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A new 'Laurel-or-Yanny'? This aural trick might have you hearing spoken words as song

Do you start to hear singing?

When these words and phrases are repeated, you should perceive them as being more song-like by about the fourth or fifth cycle. If you listen to them for a few times, the shift from speech to song might occur sooner the next time you hear it.
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When these words and phrases are repeated, you should perceive them as being more song-like by about the fourth or fifth cycle. If you listen to them for a few times, the shift from speech to song might occur sooner the next time you hear it.

By now you probably know whether you're Team Laurel or Team Yanny.

You listened to the viral audio clip and heard either the word "Laurel" or "Yanny." it eluded consensus.

Now there's new aural trickery from researchers at the University of Kansas that might get you to hear spoken word as singing.

A team from KU investigated an illusion where a particular spoken phrase, repeated several times, begins to sound like it's being sung instead of spoken.. The research was published on Monday in the peer-reviewed journal PLOS ONE.

“There’s this neat auditory illusion called the Speech-to-Song Illusion that musicians in the '60s knew about and used to artistic effect — but scientists didn’t start investigating it until the '90s,” Michael Vitevitch, professor and chairman of psychology at KU, told KU News Service.

The Speech-to-Song Illusion is credited to University of California San Diego psychology professor Diana Deutsch, who discovered it In 1995 when she was honing the spoken commentary on her CD, ‘Musical Illusions and Paradoxes," according to her website.

She had the phrase ‘sometimes behave so strangely’ on a loop and realized, after hearing it repeated several times, it started sounding like singing.

Click here to hear it.

Vitevitch said other studies have examined how this happens and have found, for instance, that it works in English, German and Mandarin.

“But nobody had a good explanation about how this illusion was coming about in the first place,” Vitevitch told the university's news service. “A lot of the researchers who looked at this were music-perception scientists, but there weren’t a lot of people coming at it from the speech-and-language side.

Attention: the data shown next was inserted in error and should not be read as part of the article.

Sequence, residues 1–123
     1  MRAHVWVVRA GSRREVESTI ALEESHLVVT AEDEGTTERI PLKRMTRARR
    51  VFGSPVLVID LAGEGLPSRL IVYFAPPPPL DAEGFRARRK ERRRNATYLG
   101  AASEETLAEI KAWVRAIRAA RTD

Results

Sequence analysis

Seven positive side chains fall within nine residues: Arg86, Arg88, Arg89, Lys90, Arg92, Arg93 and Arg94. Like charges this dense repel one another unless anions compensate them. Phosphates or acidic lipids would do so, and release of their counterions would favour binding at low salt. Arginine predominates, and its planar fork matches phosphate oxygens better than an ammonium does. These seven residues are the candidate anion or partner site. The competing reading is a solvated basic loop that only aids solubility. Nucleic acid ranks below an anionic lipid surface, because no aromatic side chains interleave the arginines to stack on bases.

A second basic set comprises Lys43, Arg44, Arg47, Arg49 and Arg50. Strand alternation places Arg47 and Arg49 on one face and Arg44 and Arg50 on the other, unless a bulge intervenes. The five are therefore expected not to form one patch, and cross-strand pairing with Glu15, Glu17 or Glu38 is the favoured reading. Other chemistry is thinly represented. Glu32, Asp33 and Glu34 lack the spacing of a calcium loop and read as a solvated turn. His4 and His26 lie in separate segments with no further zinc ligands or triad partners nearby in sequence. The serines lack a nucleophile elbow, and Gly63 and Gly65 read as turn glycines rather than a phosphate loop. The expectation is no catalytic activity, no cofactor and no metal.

"I brought some of these models of how language processing works to see if that might explain what’s going on with this illusion.”

He designed six experiments and conducted them with 30 undergraduate and graduate student researchers in the psychology department’s Spoken Language Laboratory.

He based them on a model of language processing called Node Structure Theory, which holds that word and syllable nodes act as "detectors" when we hear syllables, words and phrases.

Those detectors, just like muscles, get worn out, Vitevitch told KU News Service.

"As you use them, they get tired," he said. "Word nodes are like sprinting muscles and syllable nodes are like endurance muscles.”

The experiments suggested that the word detectors fire up and are active when they first hear speech, but get tired as phrases are repeated.

The syllable detectors don't tire as quickly when they hear phrases repeated.. Because syllables carry "the rhythmic information of language," he said, continual stimulation of those syllable detectors makes you think you're hearing song.

Click here to hear the phrase "letter muscle berry babble" sound like spoken words.

Click here to hear those words, repeated, sound like singing.

Or do they?

Vitevitch said the Speech-to-Song Illusion might be seen as novelty - move over Laurel-or-Yanny - but it does more than amuse.

“All scientists are trying to look inside of a black box to understand what’s going on inside,” he told the KU news site.

“We’re all trying to understand the universe or the brain or how atoms work. So, any opportunity to get a crack in the black box where you can look inside, you need to take."

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